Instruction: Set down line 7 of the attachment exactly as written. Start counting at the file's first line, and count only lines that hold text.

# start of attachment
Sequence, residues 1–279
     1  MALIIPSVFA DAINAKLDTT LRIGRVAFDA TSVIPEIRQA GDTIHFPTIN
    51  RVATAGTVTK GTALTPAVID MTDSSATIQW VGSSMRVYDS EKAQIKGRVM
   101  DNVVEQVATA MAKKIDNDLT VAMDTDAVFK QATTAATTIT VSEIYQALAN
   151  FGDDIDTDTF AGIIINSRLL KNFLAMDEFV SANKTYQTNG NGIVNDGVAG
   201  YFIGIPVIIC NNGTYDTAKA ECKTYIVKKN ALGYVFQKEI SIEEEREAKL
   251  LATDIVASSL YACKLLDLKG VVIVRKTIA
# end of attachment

   251  LATDIVASSL YACKLLDLKG VVIVRKTIA